Small, portable appliances such as radios, portable hi-fi systems, televisions, and table lamps as well as small kitchen ‘gadgets’ such as food processors and electric kettles, are designed to run from power supplied to 13 amp wall sockets. In the past, there were a variety of plugs including round, two- and three-pin plugs. Today, there are standard 13 amp square pin plugs fitted to all lights and portable appliances.
New safety developments include rigid plastic or unbreakable casings, neon indicators to show when they are ‘live’ and partially insulated pins to stop you getting a shock from a plug that has only been part way pulled from the socket.
All sockets function in the same way, but there is a range to choose from, including coloured faceplates to match your interior decor, and ones with a neon indicator lights. There are single- and double-switched and unswitched sockets. Triple sockets are available, but these can only be wall mounted and not recessed to fit flush with the wall. If you have low wattage equipment such as hi-fi’s or computers and their peripherals, it may be more convenient to plug the components into a 4-point trailing socket.
Fused Connection Unit
While 13-amp sockets and plugs are designed so that appliances can be moved from one room for use in another, some other appliances are permanently fixed in one position. A fused connection unit is a way of joining the ‘hard’ circuit cabling in your house to the flex of an appliance. The junction has the added protection of a cartridge fuse similar to the one found in an ordinary 13-amp plug. Electric cookers, waste disposal units, wall-mounted heaters, extractor fans, and electric showers are all types of appliances connected to the power supply via a fused connection unit. Because these appliances are wired to fused connection units, there is no danger of damaging or accidentally removing a plug. A fused connection unit is the only power point – apart from a shaver socket – that you can install in a bathroom.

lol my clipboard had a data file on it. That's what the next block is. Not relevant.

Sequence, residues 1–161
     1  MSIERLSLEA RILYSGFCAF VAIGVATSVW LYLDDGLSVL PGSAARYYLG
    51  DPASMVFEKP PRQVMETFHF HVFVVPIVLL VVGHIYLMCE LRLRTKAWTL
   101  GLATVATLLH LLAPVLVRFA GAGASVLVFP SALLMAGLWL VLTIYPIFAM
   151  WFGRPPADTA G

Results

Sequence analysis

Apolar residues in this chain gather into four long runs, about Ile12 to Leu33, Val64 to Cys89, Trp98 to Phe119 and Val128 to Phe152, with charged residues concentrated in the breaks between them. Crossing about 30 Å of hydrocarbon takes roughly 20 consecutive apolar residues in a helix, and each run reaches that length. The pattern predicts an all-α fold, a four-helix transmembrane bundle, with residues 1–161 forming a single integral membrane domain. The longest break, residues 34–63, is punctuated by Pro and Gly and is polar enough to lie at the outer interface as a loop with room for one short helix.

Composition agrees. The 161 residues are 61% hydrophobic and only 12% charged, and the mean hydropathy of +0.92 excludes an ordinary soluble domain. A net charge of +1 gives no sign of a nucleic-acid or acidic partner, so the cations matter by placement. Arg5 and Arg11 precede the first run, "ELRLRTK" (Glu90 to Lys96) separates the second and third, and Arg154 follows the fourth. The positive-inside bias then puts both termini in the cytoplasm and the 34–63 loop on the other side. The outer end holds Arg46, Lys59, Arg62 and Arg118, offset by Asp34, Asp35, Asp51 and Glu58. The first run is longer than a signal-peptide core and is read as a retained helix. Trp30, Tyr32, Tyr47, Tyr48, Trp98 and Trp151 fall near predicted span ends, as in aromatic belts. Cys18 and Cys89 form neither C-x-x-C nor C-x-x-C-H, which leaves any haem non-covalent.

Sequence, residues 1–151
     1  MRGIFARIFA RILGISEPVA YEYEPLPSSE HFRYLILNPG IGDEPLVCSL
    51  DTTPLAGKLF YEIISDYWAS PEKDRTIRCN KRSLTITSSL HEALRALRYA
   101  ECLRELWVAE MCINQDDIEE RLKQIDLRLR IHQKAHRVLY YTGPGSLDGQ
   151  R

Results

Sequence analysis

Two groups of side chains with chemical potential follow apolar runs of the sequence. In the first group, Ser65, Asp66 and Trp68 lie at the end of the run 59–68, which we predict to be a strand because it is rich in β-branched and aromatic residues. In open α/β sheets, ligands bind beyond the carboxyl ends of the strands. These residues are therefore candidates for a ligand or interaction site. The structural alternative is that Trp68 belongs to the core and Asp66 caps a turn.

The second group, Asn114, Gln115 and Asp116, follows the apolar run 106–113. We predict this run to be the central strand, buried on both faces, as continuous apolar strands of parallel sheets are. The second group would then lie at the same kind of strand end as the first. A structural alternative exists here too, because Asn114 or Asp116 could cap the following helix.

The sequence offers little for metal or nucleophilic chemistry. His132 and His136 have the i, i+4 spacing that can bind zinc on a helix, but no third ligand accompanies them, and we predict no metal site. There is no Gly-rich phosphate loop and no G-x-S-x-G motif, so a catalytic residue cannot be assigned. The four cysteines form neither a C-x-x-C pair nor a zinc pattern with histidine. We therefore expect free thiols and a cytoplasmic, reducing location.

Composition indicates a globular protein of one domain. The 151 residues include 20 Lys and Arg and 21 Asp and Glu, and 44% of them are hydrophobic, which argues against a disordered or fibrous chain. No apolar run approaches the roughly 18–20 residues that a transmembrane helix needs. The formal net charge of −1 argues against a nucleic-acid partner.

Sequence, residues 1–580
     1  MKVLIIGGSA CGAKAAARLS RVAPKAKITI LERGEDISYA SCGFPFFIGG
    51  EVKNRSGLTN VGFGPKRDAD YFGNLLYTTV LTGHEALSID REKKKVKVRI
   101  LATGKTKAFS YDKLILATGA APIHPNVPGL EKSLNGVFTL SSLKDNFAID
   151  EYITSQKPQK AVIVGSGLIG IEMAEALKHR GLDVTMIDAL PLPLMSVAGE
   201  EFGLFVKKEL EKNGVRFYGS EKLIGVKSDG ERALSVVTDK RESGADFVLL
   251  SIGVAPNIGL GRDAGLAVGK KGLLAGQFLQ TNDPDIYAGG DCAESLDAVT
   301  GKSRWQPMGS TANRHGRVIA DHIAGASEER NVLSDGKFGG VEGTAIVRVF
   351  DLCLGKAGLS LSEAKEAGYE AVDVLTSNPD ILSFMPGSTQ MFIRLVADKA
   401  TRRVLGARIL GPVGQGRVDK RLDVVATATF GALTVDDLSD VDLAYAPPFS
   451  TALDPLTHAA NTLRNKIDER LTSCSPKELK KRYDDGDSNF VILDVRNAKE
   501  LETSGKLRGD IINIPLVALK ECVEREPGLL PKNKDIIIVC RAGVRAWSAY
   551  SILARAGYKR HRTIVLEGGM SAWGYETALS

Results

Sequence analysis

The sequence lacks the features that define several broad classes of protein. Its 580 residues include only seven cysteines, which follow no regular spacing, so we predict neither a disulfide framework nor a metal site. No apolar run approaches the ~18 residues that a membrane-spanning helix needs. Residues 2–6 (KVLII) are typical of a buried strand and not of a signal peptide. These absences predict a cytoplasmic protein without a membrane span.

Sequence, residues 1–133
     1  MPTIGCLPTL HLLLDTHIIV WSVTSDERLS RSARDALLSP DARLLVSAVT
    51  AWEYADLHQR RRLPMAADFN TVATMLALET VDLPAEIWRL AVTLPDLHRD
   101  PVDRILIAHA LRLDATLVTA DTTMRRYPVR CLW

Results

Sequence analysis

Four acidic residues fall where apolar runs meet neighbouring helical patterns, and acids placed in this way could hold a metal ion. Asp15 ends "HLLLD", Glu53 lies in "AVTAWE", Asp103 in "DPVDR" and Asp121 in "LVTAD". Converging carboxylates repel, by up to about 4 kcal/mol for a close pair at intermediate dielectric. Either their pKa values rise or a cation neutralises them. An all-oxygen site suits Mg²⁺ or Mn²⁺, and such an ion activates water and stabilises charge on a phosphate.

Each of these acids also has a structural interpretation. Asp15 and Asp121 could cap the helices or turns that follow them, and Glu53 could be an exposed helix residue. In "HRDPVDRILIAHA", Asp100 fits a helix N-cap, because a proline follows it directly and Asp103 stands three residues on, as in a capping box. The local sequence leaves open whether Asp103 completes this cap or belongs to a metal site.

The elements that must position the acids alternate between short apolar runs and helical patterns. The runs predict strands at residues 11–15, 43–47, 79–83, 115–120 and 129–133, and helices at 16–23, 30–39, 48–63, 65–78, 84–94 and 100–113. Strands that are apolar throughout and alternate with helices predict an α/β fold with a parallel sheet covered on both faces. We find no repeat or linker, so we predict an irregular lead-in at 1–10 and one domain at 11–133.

A fused connection unit can replace a socket on the ring circuit, or you can lead an extra spur of cable from an existing socket to supply the fused connection unit. Fused connection units are single – never double – although you can have a single fused connection unit and a regular socket in a dual box. Choose a fused connection unit with a switch for added safety, and a neon indicator light to remind you the appliance is switched on. As with all electrical appliances, when not in use, switch off at the controls, then at the ‘socket’.